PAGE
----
After the completion of Narita Airport, Haneda had been left for many years as Tokyo's primary domestic airport, although it remained one of the busiest airports in the world. After the addition of new terminals, Haneda is now open once again for international flights. You can now come and go from a variety of cities in Asia, as well as Paris, Honolulu, and San Francisco. Flights to/from Detroit, New York City, Vancouver, London, and Kuching are scheduled to begin in 2011.
Ferrari World Opens in Abu Dhabi
27 October 2010
Motor sports have always been popular in the United Arab Emirates, so when considering where to construct the theme park, Abu Dhabi seemed like the perfect spot. It is the largest indoor theme park in the world, contains the fastest roller coaster in the world (240kmph in less than 5 seconds), and contains the largest Ferrari logo in the world. The rides are meant to toy with the senses, with a 4-D theater and the V12, which allows riders to experience the G-Force of an actual Ferrari.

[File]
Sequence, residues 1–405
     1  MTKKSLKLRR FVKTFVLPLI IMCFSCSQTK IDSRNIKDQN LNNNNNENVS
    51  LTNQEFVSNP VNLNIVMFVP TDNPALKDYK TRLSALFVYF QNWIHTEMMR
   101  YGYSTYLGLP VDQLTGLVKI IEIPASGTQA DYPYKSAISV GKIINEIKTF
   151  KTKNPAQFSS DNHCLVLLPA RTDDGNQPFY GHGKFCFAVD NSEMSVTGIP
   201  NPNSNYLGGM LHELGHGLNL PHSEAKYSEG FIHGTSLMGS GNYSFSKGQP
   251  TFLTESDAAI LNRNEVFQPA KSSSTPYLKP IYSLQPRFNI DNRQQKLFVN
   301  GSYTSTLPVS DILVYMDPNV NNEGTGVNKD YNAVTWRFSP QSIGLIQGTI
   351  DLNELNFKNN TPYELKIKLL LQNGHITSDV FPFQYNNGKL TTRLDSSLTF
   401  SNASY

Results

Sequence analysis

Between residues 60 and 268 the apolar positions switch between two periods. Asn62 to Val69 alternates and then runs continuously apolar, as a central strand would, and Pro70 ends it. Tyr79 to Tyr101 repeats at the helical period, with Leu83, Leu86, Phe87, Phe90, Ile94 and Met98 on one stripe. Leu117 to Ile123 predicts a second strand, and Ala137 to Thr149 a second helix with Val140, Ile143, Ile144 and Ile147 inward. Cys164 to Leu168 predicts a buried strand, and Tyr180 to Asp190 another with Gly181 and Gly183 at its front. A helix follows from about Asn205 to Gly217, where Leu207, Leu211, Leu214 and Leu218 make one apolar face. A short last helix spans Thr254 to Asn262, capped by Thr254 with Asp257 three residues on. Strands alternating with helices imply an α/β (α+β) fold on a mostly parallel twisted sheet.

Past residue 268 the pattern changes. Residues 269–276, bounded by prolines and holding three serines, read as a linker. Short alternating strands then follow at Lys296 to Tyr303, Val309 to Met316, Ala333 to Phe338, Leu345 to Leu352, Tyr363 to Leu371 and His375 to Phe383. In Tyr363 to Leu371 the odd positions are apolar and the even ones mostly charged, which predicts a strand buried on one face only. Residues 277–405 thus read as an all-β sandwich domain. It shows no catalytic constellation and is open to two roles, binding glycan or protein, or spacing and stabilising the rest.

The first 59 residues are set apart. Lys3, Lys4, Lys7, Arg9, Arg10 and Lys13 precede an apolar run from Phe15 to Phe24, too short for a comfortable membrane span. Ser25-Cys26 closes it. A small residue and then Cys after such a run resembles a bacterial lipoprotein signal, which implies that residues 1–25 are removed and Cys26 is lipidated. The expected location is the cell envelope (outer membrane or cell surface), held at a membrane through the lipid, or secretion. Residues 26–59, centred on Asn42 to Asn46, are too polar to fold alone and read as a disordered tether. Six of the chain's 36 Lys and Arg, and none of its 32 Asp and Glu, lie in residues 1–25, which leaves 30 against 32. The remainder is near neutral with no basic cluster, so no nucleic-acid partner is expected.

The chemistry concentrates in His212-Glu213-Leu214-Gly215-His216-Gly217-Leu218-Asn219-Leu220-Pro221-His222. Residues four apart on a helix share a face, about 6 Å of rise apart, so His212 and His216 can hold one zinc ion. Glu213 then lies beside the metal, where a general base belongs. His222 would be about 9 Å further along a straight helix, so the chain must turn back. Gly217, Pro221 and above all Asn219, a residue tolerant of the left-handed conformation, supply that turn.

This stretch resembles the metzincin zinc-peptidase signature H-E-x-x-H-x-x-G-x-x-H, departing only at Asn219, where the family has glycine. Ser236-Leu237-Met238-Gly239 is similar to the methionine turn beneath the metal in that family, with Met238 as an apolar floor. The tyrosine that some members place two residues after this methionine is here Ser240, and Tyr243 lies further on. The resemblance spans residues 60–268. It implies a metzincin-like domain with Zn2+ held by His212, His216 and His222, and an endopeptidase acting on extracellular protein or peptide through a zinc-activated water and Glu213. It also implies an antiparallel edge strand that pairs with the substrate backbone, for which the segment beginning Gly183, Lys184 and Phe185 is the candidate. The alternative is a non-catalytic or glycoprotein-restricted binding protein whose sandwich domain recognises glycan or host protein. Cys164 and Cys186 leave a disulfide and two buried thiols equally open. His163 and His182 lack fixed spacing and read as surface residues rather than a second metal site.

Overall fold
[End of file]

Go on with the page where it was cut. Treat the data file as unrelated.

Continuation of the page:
Mentawai earthquake and tsunami
25 October 2010
A tsunami that pounded several of the Mentawai Islands in West Sumatra killed at least 108 people left more than 500 people missing, Mentawai Legislative Council Speaker Hendri Dori said Tuesday. At least 80 bodies had been recovered as of 8 p.m. on Tuesday, West Sumatra Disaster Management Agency said. A magnitude-7.2 earthquake triggered the 3-meter wave that washed hundreds of homes into the sea late on Monday. On Tuesday, rescuers were having a hard time reaching the areas closest to the epicenter because of strong winds and rough seas. However, reports of damage and injuries were steadily climbing.
Roman Colosseum Opens Gladiator 'Dungeons' For the First Time
18 October 2010
This week, for the first time ever, visitors to Rome's famous Colosseum will be able to enter the gladiator tunnels where the gladiators waited and the animals were kept. The area is being opened in hopes of relieving crowding in the other areas, which have fallen into disrepair over the years because of weathering and tourists. There are also hopes that this will draw in even more tourists than the millions it already receives, particularly those who have already visited.